By contrast prices in the US Health Care Market characterized as a
“Byzantine mélange of different bases & different payment rates”
• Substantial recent evidence of this from CA, NJ, NH, and MA &
Time Magazine article discusses the “madness of MD Anderson”
• Private payers pay on the basis of these distorted Charge Masters
• Fragmented pricing system with no relationship to cost, sends the
wrong signals, does not encourage efficient/effective outcomes
• Not consistent with what one would view as a competitive result
16
Hospitals Pursuing other Tactics to Lock Up the Market
• Also – more subtle factors that are firmly “tilting” the advantage in
negotiations toward providers (Berenson/Ginsburg 2012)
• “Must have” Hospitals/Specialized Services
•
Geographic Isolation
•
Ability to negotiate one contract for constituent facilities across a broad area
•
“Most Favored Nation” clauses (Michigan Blue Cross)
• Private payers acquiescing - wishing only to be “just better than their
competing health plans” but passing on double digit increases
• ACA may be providing increased “cover” for further integration (both
horizontal and vertical)
• “Consumer Risks Feared as Health Law Spurs Mergers” New York
Times 2010
• “Rising hospital employment of physicians: better quality, higher
cost?” (Urban Institute 2011)
17
Merger Activity appears to be Ticking Up
18
Hospitals Buying up Physician Practices
“Hospitals are trying to wrap themselves in a
physician employment blanket, but the
cost per square inch of that blanket is very high.
This is an effort to lock up the game before it
even starts (i.e., preclude PCMH and other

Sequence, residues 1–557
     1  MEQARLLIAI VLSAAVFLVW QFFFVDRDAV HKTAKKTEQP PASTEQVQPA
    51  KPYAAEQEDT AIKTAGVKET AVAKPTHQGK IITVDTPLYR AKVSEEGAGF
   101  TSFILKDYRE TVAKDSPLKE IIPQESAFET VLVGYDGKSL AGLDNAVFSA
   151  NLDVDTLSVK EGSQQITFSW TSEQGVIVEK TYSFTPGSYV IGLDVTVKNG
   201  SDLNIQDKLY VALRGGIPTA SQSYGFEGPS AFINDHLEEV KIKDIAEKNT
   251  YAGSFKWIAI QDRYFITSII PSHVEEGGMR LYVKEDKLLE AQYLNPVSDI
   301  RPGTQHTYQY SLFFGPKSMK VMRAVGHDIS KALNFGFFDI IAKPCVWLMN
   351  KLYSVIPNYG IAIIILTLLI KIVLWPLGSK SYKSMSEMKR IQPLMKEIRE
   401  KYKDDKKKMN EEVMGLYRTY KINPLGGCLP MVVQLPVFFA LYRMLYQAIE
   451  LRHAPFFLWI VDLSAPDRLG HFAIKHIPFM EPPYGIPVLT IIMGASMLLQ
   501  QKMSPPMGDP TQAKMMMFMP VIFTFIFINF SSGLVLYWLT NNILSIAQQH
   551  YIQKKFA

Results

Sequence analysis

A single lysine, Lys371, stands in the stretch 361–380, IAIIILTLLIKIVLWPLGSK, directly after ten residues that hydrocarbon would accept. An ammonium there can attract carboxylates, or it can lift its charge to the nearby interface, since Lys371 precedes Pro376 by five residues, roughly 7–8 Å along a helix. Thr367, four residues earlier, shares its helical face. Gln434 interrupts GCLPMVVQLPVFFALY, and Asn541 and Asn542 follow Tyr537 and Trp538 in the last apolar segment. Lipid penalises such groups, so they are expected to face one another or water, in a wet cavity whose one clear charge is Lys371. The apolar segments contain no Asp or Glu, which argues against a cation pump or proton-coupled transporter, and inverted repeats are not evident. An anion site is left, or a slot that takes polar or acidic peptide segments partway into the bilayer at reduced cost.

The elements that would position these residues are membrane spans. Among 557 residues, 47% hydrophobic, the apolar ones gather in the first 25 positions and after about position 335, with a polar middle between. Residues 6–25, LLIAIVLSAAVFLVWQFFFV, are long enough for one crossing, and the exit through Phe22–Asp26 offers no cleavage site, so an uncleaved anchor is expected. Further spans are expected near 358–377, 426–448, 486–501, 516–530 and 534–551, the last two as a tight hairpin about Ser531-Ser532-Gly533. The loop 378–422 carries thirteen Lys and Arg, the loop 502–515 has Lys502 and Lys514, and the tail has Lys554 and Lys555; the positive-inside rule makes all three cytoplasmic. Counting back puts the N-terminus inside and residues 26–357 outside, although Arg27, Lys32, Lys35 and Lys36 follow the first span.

market-based approaches, incentivize docs
based on billings and increase negotiating
leverage with payers” Anonymous CEO Major
Hospital System
Taken from Gaynor, Statement before the Committee on Ways and Means, Health Subcommittee. Washington DC. September 9, 2011.
19
Massive Engine for Reallocating Income
•
Health Care Market is Uncompetitive
•
Fragmented Payer Sector and Provider Concentration creates a fundamental power
imbalance between buyers and sellers
•
We’ve created a “massive engine for the redistribution of resources from households,
tax payers and employers to the organizations who provide care” (Vladeck/Rice 2009)
$
$
$
$
$
$
$
$
$
$
$
Reinhardt, U. 2012. Divide Et Impera: Protecting the Growth of Health Care Incomes (costs). Health Economics. 21:41-54
20
Implications for the Health Sector
Prevailing Literature supports these conclusions:
• Substantial evidence consolidation drives up health care
expenditures (numerous studies)
• Little evidence that consolidation results in improved
provider efficiency (lower costs)
• Evidence that consolidation is either neutral or negative in
terms of health quality
• Little evidence that current consolidation is resulting in
improved clinical integration
• Consolidation is not for better care management it is to
enhance Market Power under a predominant FFS system
21
Implications for Wage Earners
• Employers believe they foot the bill for nearly 60% of individuals
enrolled in employer sponsored insurance plans (21% of spending)
• Tax deductibility of health insurance and other factors hide the fact
that employees and consumers foot the bill for increased spending on
health care – through near zero real wage growth, layoffs and increases
in product prices
• Providers counter that “the Health Sector has been an engine of
economic growth” in recent years
• Recent RAND study quantifies increase in “excess health spending”
results in job losses (121,00 for every 0.1% above GDP growth)
• From these data, calculated that for every job we add to the health
sector, we sacrifice 0.85 jobs in the rest of the economy